Reading these personal insights made me all the more excited to organize my own oral history interview, to be conducted with a current nurse practitioner student in New York. With this conversation and a few others, Karen is looking to acquire more contemporary perspectives in the field and I look forward to uncovering the new stories and experiences of someone not much older than myself. But then my early onset Parkinson’s flares up again…
Despite my growing nervousness, the following afternoon I felt confident in the knowledge that I was at least formally prepared. Armed with a few more insider tricks from Karen, a prepared list of some twenty questions, and an intimidating piece of recording equipment, I felt pretty well equipped. And, for the most part, I was. I successfully managed to set up the microphone, I asked the questions we had prepared, and somehow even overcame the impulse to fill the static void that inevitably arose. But what I wasn’t at all expecting was to be so blown away by my interviewee’s perspective and career choices, so much so that the silence that hung in the air wasn’t as piercing as I anticipated it to be. In fact, it wasn’t unsettling at all.
I realized, admittedly only after hanging up, that this phone call in fact allowed me to let her words speak entirely for themselves—liberated from the visual stimuli that can otherwise distract or distort our impressions. The lingering pauses that I am now playing back as I transcribe the interview don’t magnify the unease I felt, but rather the power of her words.
A blog post by Exhibitions Intern Elizabeth Livesey. To read more posts by interns click HERE.
Posted on July 28th, 2014 by Rachel
During my Exhibitions Research Internship at the Jewish Museum of Maryland, I have had the opportunity to conduct research on the Sinai Hospital Nurses Training Program for the upcoming Jews, Health, and Healing exhibition. This research has included reading several oral history interviews from nurses who trained at Sinai Hospital (the program ended in 1975). These interviews have not only given me new insights into the hospital and its program, but also have allowed me to learn some of each woman’s personality.
A group of Sinai nurses in gathered in their residence eating pizza, no date. Courtesy of Sinai Hospital of Baltimore.
Oral histories collect and record personal memories and commentaries, and are one of the most important sources of information available to historians. An oral history allows one to learn about the lives of people that are not ordinarily covered in history textbooks. The information gathered in an oral history can be used for research, excerpted in publication, filmed for documentary, or displayed in museum exhibition.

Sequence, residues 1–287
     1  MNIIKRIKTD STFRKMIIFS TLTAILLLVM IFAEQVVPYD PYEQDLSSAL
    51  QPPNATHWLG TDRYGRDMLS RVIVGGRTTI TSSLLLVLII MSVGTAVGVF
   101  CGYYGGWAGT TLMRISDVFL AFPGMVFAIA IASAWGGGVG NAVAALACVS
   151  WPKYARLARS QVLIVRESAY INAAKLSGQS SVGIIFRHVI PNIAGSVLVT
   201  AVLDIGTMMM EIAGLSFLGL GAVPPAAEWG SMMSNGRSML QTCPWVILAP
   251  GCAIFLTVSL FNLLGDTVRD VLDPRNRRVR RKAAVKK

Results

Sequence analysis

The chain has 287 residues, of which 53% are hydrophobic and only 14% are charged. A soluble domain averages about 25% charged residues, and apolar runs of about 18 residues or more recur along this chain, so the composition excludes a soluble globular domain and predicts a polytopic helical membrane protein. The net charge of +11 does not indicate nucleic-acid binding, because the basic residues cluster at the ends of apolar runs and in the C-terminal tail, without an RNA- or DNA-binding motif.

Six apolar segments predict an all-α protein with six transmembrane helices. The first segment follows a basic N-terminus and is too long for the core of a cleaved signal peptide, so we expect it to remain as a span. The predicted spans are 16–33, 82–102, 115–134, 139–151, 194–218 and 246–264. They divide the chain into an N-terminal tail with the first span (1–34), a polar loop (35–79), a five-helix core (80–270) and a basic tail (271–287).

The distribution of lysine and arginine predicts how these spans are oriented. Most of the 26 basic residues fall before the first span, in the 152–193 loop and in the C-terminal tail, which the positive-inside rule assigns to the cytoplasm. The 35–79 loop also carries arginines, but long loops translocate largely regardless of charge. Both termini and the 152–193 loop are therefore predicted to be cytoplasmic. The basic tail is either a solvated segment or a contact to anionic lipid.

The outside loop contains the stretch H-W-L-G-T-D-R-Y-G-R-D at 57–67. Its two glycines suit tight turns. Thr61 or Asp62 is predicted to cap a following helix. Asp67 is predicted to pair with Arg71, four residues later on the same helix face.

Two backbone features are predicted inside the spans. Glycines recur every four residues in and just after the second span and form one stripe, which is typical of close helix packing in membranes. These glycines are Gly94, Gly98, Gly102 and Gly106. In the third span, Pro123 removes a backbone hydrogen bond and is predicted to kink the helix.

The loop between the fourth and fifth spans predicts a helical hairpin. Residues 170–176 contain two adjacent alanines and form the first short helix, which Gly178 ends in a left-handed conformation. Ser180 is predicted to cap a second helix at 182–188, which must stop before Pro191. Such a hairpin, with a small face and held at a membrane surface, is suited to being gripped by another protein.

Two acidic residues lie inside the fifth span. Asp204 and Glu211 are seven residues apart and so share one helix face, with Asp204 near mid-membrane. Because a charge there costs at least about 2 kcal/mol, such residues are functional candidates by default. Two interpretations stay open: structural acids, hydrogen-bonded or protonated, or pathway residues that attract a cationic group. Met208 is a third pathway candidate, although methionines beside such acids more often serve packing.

The Jewish Museum of Maryland is home to hundreds of oral histories. Those histories that have not yet been digitized or transcribed are kept in audiocassette form and organized in filing cabinets.
Information we have gathered through the nurses’ oral histories will better allow us to place exhibition objects into context and craft a narrative for their display. As Curator Karen Falk wrote in her “JMM Insights, July 2014: Where Culture Meets Science” blog post, Bobbie Horwitz’s interview gave context for the elaborate silver tea gifted to JMM by the Sinai Nursing Alumnae Association. Horwitz explained, “They wanted to make ladies of us.” One of the ways they did so was through a civilized “tea” held every Friday.
Sinai nurses drinking from their silver tea set, no date. Courtesy of Sinai Hospital of Baltimore.
Another interesting story I came across was from former Sinai nurse Senator Rosalie S. Abrams. Abrams recounted how she learned Yiddish while working in the men’s ward. “I was a head nurse for the men’s ward,” she said. “That’s where I learned my Yiddish—on the men’s ward. We used to sing them Jewish songs.” Such stories illustrate the intersection of Jewish culture and medicine in the space of the hospital.
Three Sinai nursing students and their instructor stand around a patient in his hospital bed, June 1960. Accession # 2010.020.316. Courtesy of Nurses Alumnae Association of Sinai Hospital.
After reading so many interesting stories I was excited to receive training, with my fellow interns, from Curator Karen Falk on how to conduct an oral history. We went over how to use the museum’s recording equipment and preparing the proper documentation for the interview. It is crucial to be prepared for the interview. One of the most important things to consider is what you want to learn. You should know your topic and what information you hope to gain. Prepare a list of questions that get at the heart of what you want to know and familiarize yourself with them. Your rapport will be easily interrupted if you keep pausing to look down at your questions. Keep in mind that you should also be flexible with your questions. Your interviewee may bring up interesting points you never considered, but would like to explore.
Prior to conducting your oral history make sure all your recording equipment works. Familiarize yourself with it and practice. You do not want to waste your interviewee’s time trying to set up equipment that you do not know how to use or that does not work.
Some of JMM’s oral history recording equipment, including a digital recorder and microphone.
Upcoming research for the Jews, Health, and Healing exhibition will include conducting more oral history interviews with Jewish medical professionals. I hope that some of the great accounts from the Sinai nurses’ oral histories will be incorporated into the exhibit.
A blog post by Exhibitions Research Intern Sarah Moore. To read more posts by interns click HERE.